Manitoba has eliminated its pandemic surgery backlog for one procedure, but that doesn’t mean nobody is waiting for cataract surgeries anymore.
During question period on Wednesday, Health Minister Audrey Gordon boasted of the government clearing the wait list of more than 1,200 people whose cataract surgeries were delayed because of the pandemic.
It is the first procedure for which the force tasked with eliminating the surgical and diagnostic backlog has met its goal thus far.
The government said in a statement that 11,000 surgeries to restore people’s sight have been completed this year. It isn’t known if that includes the entirety of the backlog, including those individuals who were waiting before the pandemic.
Regardless, Gordon said the task force wouldn’t rest on clearing the pandemic backlog alone. More people are continuing to need these procedures, she said.
“The surgical and diagnostic task force would immediately begin to have those conversations with the service delivery organization,” she said
More private partnerships considered
Some of those cataract surgeries were handled by private health-care partners. The Progressive Conservative government signalled in its throne speech Tuesday it wanted to explore more using private partnerships within Manitoba so patients are not sent elsewhere for care, which is happening to clear the surgery backlog.
The NDP and Liberals decried the government’s strategy as a sign the health-care system will be privatized.
“More big business involved in your health care? We say that’s wrong,” NDP Leader Wab Kinew said Wednesday in question period.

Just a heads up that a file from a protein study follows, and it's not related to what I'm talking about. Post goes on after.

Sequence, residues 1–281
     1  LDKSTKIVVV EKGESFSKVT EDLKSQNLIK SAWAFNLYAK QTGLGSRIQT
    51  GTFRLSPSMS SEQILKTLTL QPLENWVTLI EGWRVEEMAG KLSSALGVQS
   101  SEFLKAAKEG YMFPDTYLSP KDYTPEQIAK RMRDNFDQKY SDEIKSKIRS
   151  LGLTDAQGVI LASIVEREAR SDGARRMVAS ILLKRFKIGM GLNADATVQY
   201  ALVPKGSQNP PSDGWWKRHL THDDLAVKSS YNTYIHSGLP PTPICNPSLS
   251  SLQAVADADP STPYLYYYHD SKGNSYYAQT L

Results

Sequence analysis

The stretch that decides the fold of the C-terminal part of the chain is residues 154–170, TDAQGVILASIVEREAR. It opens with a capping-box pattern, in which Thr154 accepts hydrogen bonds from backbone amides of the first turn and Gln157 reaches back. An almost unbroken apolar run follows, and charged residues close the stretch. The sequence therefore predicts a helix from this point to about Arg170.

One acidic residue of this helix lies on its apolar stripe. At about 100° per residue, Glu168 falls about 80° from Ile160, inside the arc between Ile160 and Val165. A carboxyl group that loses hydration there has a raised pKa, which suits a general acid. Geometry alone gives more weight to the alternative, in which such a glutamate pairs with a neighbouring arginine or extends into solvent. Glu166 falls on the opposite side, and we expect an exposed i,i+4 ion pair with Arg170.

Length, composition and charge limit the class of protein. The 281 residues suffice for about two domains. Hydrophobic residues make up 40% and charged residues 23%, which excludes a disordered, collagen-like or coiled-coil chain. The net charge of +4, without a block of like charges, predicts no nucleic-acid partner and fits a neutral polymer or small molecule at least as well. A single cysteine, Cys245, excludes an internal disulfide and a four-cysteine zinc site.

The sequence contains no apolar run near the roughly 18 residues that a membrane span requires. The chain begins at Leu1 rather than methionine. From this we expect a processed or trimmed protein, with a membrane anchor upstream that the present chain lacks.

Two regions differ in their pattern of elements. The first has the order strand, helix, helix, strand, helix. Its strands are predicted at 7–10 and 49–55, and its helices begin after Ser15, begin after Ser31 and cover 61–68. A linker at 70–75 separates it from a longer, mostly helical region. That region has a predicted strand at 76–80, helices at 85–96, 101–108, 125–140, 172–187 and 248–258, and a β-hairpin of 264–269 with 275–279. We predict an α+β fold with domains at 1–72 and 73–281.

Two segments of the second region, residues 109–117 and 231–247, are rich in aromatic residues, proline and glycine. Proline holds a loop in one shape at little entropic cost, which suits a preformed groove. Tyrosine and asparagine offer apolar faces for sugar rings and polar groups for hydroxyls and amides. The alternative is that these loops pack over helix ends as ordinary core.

“We’ll always stand up for public health care.”
Kinew argued the government was following the privatization lead of former premier Brian Pallister, while current Premier Heather Stefanson criticized the NDP for dismissing the quickest solution for patients in need now.
“What is very, very abundantly clear to Manitobans is that the NDP and this leader of the Opposition would put their ideology over patient care every day,” Stefanson said.
She has said the province would continue to cover the tab for these procedures.
In the throne speech, the Tories said other provinces have “demonstrated that a blended public-private delivery system works” in health care, but Manitoba — which has several agreements, including with the local Maples and Western surgical centres — has lagged behind.
No supervised consumption sites in California
In another wedge issue between the two parties, the NDP took the government to task for its continued resistance to supervised consumption sites.
Kinew slammed Stefanson’s appearance last week on CBC Manitoba’s Information Radio when the premier pointed to California’s experience with supervised consumption sites to explain why she does not support the harm reduction approach — even though there are no sanctioned supervised consumption sites in California.
“This is a serious issue, but the premier is basing her government’s decisions on alternative facts,” Kinew said.
Stefanson said in the radio interview that California Gov. Gavin Newsom said there are “unintended consequences” from supervised consumption sites, when in fact the governor was speaking about the potential consequences to an unlimited number of these sites.
On Monday, after an unrelated news conference, Stefanson told CBC News she had inadvertently referenced California when she meant Alberta and other jurisdictions “that are also espousing that same kind of concern with respect to the unintended consequences.”
Stefanson’s government has repeatedly said it supports a recovery approach for people coping with addictions and doesn’t see the value in supporting venues in which people consume drugs.
A group of more than 80 community organizations in Manitoba recently signed an open letter to ask all levels of government to reconsider its opposition.
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